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United States
Name: LST-24
Builder: Dravo Corporation, Pittsburgh, Pennsylvania
Laid down: 19 November 1942
Launched: 17 April 1943
Sponsored by: Mrs. Marguerite E. Davis
  • 3 May 1943, reduced commission
  • 14 June 1943, full commission
Decommissioned: 26 February 1946
Struck: 5 June 1946
Honors and
Bronze-service-star-3d.png Silver-service-star-3d.png 5 × battle stars
Fate: Sold for commercial service, 8 October 1947
Status: Fate unknown
General characteristics [1]
Type: LST-1-class tank landing ship
  • 1,625 long tons (1,651 t) (light)
  • 4,080 long tons (4,145 t) (full (seagoing draft with 1,675 short tons (1,520 t) load)
  • 2,366 long tons (2,404 t) (beaching)
Length: 328 ft (100 m) oa
Beam: 50 ft (15 m)
  • Unloaded: 2 ft 4 in (0.71 m) forward; 7 ft 6 in (2.29 m) aft
  • Full load: 8 ft 2 in (2.49 m) forward; 14 ft 1 in (4.29 m) aft
  • Landing with 500 short tons (450 t) load: 3 ft 11 in (1.19 m) forward; 9 ft 10 in (3.00 m) aft
Installed power:
Speed: 12 kn (22 km/h; 14 mph)
Range: 24,000 nmi (44,000 km; 28,000 mi) at 9 kn (17 km/h; 10 mph) while displacing 3,960 long tons (4,024 t)
Boats & landing
craft carried:
2 x LCVPs
Capacity: 1,600–1,900 short tons (3,200,000–3,800,000 lb; 1,500,000–1,700,000 kg) cargo depending on mission
Troops: 16 officers, 147 enlisted men
Complement: 13 officers, 104 enlisted men
Service record
Part of:
  • LST Flotilla 5
  • LST Flotilla 6

USS LST-24 was a United States Navy LST-1-class tank landing ship used exclusively in the Asiatic-Pacific Theater during World War II and manned by a United States Coast Guard crew. Like many of her class, she was not named and is properly referred to by her hull designation.

Construction and commissioning[edit]

LST-24 was laid down on 19 November 1942, at Pittsburgh, Pennsylvania, by the Dravo Corporation; launched on 17 April 1943, sponsored by Mrs. Marguerite E. Davis,[2] and placed in reduced commission on 3 May 1943. She was floated down the Ohio and Mississippi rivers to New Orleans, Louisiana, for her fitting out; and fully commissioned on 14 June 1943, with Lieutenant Arnold I. Sobel, USCGR, in command.[1]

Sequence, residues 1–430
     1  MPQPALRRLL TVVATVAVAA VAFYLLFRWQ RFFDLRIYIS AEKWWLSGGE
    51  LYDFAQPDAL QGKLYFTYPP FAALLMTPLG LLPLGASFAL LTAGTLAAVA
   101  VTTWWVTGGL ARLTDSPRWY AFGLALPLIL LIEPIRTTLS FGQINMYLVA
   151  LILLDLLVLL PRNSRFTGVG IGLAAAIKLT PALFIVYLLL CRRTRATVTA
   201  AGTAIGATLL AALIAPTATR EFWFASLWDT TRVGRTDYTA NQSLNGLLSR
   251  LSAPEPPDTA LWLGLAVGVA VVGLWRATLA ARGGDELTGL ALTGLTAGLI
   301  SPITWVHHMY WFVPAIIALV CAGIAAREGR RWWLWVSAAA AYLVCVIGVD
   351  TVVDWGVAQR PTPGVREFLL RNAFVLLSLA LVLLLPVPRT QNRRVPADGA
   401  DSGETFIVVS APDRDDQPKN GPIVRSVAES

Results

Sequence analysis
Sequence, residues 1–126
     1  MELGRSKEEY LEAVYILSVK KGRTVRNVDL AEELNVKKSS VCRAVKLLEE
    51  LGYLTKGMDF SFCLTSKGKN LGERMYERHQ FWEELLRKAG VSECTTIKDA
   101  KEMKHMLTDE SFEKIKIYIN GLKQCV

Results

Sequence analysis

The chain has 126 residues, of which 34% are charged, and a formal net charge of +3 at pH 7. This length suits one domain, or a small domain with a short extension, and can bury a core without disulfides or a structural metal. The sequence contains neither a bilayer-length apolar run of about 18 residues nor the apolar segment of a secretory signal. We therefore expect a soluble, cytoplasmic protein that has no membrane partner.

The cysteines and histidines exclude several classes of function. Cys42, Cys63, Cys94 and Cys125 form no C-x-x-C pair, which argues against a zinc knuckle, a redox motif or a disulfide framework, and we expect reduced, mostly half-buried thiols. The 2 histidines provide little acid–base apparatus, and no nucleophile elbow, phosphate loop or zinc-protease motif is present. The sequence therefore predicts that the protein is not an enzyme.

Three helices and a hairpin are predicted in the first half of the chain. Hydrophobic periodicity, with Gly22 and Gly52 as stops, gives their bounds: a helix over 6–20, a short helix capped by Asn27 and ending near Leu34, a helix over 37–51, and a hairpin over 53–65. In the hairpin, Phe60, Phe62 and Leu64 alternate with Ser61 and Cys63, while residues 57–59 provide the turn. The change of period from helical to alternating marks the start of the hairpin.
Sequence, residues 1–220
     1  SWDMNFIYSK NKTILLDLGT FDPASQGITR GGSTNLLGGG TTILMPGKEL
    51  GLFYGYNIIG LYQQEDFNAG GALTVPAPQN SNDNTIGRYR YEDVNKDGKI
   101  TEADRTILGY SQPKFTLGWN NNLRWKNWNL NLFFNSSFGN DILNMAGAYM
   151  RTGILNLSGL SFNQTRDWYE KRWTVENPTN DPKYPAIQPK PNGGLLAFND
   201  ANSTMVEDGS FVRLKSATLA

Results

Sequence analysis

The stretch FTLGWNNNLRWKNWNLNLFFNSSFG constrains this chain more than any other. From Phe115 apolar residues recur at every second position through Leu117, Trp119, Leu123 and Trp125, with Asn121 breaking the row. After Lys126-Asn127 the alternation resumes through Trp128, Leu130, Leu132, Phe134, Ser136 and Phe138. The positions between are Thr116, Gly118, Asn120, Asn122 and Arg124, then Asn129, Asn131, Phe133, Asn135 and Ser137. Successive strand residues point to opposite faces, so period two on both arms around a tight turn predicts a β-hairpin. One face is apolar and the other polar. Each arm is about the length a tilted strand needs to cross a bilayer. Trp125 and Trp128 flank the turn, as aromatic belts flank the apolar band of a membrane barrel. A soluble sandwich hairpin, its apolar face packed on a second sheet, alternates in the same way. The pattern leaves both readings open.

Service history[edit]

LST-24 sailed from Galveston, Texas, on 29 July 1943, with Convoy HK 113 heading for Key West, Florida, where she arrived on 2 August 1943.[3]

LST-24 operated in the New Georgia area from 1 to 6 February 1944, and in the Guadalcanal area from 7 to 28 February, that same year. In the latter area she was engaged in transporting cargo and personnel in the Russell Islands and Solomon Islands. On 4 April 1944, she was at Tutila, Samoa.[4]

She participated in the capture and occupation of Guam during August 1944. She returned to Finschhaven on 11 September, and then went on to participate in the Western New Guinea campaign. She landed troops and equipment during the Morotai landings in September 1944, and then at the Leyte landings in the Philippines, participating in General Douglas MacArthur's promised liberation of the islands from the Japanese occupation, through October and November 1944. LST-24 was also at the Battle of Luzon Lingayen Gulf landings in January 1945. Proceeding by the way of Russell Islands and Guadalcanal, LST-24 reached Ulithi on 25 February 1945, and then Manila. She departed Manila on 21 March, stopping at Tacloban and arrived at Hollandia on 24 March 1945. She then went on to participate in the assault and occupation of Okinawa Gunto from March through June 1945.[4]

LST-24 finished her combat career with the assault and occupation of Okinawa Gunto from the end of March until 24 June 1945, when she departed for San Francisco via Pearl Harbor, arriving there on 9 December 1945. From there she proceeded to Galveston via San Diego and the Canal Zone.[4]

Postwar career[edit]

She was decommissioned and her Coast Guard crew removed on 16 February 1946.[4] She was struck from the Navy list on 5 June 1946. On 23 December 1947, she was sold to the Humble Oil & Refining Co., of Houston, Texas, and was converted for merchant service.[2]

Honors and awards[edit]

LST-24 earned five battle stars for her World War II service.[2]



External links[edit]